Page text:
Visual analysis of AdWords data: a primer
Columnist David Fothergill shows how data visualization can unlock insights about AdWords performance you may not have gleaned otherwise.
Data visualization is one of the most powerful tools available if you want to explore and understand your data, whether it’s on a small scale or at a scale which qualifies it as “big data.”
In this post, I wanted to run through some of the fundamental elements of data visualization and illustrate why these concepts start to reveal insight once combined.
I’ll use a very simple set of data with some fairly logical conclusions in order to focus on the effect of different techniques, avoiding adding any unnecessary complexity.
A simple scatter plot example
For the purpose of this post, let’s consider a scatter plot approach for a modest set of AdWords keyword data. My fictional dataset consists of data for ~700 keywords for a period of one month, with fields reflecting cost, clicks, conversion and revenue metrics.
As a starting point, let’s plot the cost per click (CPC) vs. the revenue per click (RPC), represented on the x and y axis respectively:
All very nice, but doesn’t really tell us too much. What we can draw from this is that the relationship is fairly wide-ranging, with some keywords delivering much more in the way of ROI, and some keywords in the bottom-right corner which appear to be unprofitable.
Adding context using segmentation
If ever you want to try and add some useful context to a dataset, then segmentation is a really nice, elegant way to achieve this. Instantly (assuming you’ve applied a relevant segmentation), you’ll start being able to compare and assess patterns/trends across different groups, which is often the starting point heading toward the insight that will be useful.
A simple, relevant segmentation in this example could be keyword match type. Other examples (such as campaign, user type or device) might provide us more detail, but I always like match type as a training example.
Taking our above chart and applying a color scheme to the points based on the type of keyword matching gives us the chart below:
The great thing about this approach is how easily interpretable charts can be; instantly, patterns and clusters begin to reveal themselves. Those unprofitable keywords in the lower right-hand corner? Broad Match. In fact, the majority of Broad Match terms are hovering down toward the bottom and are therefore performing below par.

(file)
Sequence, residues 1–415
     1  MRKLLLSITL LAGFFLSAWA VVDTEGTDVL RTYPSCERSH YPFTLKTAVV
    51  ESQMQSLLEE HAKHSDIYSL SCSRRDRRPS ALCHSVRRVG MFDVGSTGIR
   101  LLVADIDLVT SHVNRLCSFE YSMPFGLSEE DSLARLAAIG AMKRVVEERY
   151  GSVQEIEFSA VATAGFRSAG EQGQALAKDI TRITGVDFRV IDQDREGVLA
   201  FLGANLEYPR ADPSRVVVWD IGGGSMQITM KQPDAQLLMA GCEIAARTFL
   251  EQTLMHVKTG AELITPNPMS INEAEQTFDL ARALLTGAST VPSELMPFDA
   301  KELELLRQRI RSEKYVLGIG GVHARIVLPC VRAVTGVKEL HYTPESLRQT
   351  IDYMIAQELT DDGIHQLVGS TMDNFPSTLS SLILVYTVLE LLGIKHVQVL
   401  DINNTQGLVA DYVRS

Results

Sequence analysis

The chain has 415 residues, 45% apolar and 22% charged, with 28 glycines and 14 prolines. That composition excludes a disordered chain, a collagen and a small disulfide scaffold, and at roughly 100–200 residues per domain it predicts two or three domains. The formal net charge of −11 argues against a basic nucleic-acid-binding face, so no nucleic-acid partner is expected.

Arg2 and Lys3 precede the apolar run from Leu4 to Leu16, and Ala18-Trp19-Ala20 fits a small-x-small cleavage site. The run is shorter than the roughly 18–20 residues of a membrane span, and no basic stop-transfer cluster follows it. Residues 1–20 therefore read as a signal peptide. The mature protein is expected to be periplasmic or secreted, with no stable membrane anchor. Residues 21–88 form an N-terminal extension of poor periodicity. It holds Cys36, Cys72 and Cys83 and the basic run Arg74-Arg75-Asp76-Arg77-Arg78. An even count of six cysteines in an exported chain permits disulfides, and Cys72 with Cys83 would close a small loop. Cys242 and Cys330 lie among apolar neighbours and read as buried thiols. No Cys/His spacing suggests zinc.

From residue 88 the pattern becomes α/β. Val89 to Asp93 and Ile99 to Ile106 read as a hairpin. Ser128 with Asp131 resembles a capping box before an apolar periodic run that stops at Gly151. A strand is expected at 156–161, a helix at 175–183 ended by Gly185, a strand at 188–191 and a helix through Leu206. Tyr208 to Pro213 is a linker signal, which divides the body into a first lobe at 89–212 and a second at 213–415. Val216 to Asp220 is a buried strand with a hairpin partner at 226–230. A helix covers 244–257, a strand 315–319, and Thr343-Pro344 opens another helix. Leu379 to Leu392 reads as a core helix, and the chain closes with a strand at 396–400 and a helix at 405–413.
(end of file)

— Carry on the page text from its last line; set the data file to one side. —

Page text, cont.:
This gives us an actionable insight and valuable information about where to most effectively spend time and resources. Making informed decisions about where to investigate further is a great thing to be doing if you want to improve account performance
As a further example, we could apply this idea of context in a different way — splitting each segment into its own plot, for example, which reveals more about the individual patterns and dispersion:
Finally, quantifying the patterns, we can see that trend or “regression” lines add some further confirmation of the patterns. Using the alternative “split” plots shown above, let’s add the regression line and asses the relationship between RPC and CPC:
So, it turns out many of the broad match keywords have a high cost per click, which isn’t matched by an increase in revenue for each click. This issue should be addressed, and it can be done in any number of ways (funneling any spend here to new non-broad match keyword types, reducing the highest unprofitable bids and so on).
We wouldn’t expect a causal positive relationship here (i.e., pay more, get more), so the reasonably gentle downward slope in exact and phrase match terms is not a concern.
Scaling for clarity
I’ve plotted the above without any adjustment to the scale, as it wasn’t a priority, given the two metrics used. However, it’s worth talking a little about this with two examples.
1. Log transformations
When plotting data with several orders of magnitude, the sheer scale differences can make it difficult to read the data. A good way around this is to do a log transformation of the data. This will preserve the order and relationship of the data but “squash” the more extreme end of the scale.
To show the effect of this, below is the standard plot of “clicks vs. cost” for my dataset (left), compared to the same data given a log transformation and re-plotted (right). As you can see, the outliers stretch the plot so that most of the data is undecipherable:
2. Shared axes
There is an important relationship between revenue per click and cost per click. If we are paying more than is generated in revenue (or in a truer sense, profit per keyword), then this is a threshold we are very interested in.
If I change the plot so that the x and y axis share the same scale, then we can draw a line at 45 degrees, which represents this threshold:
Hopefully, this stroll through some of the ways to build up useful charts from your data has been of interest and has helped illustrate the reasons why these simple techniques add value.
A note on tools used for the analysis: I’m a big fan of doing my analysis in Jupyter (previously iPython) notebooks due to the flexibility that Python and R provide for manipulating data and visualizing data when compared to Excel. For that reason, the examples herein are plotted in this environment.
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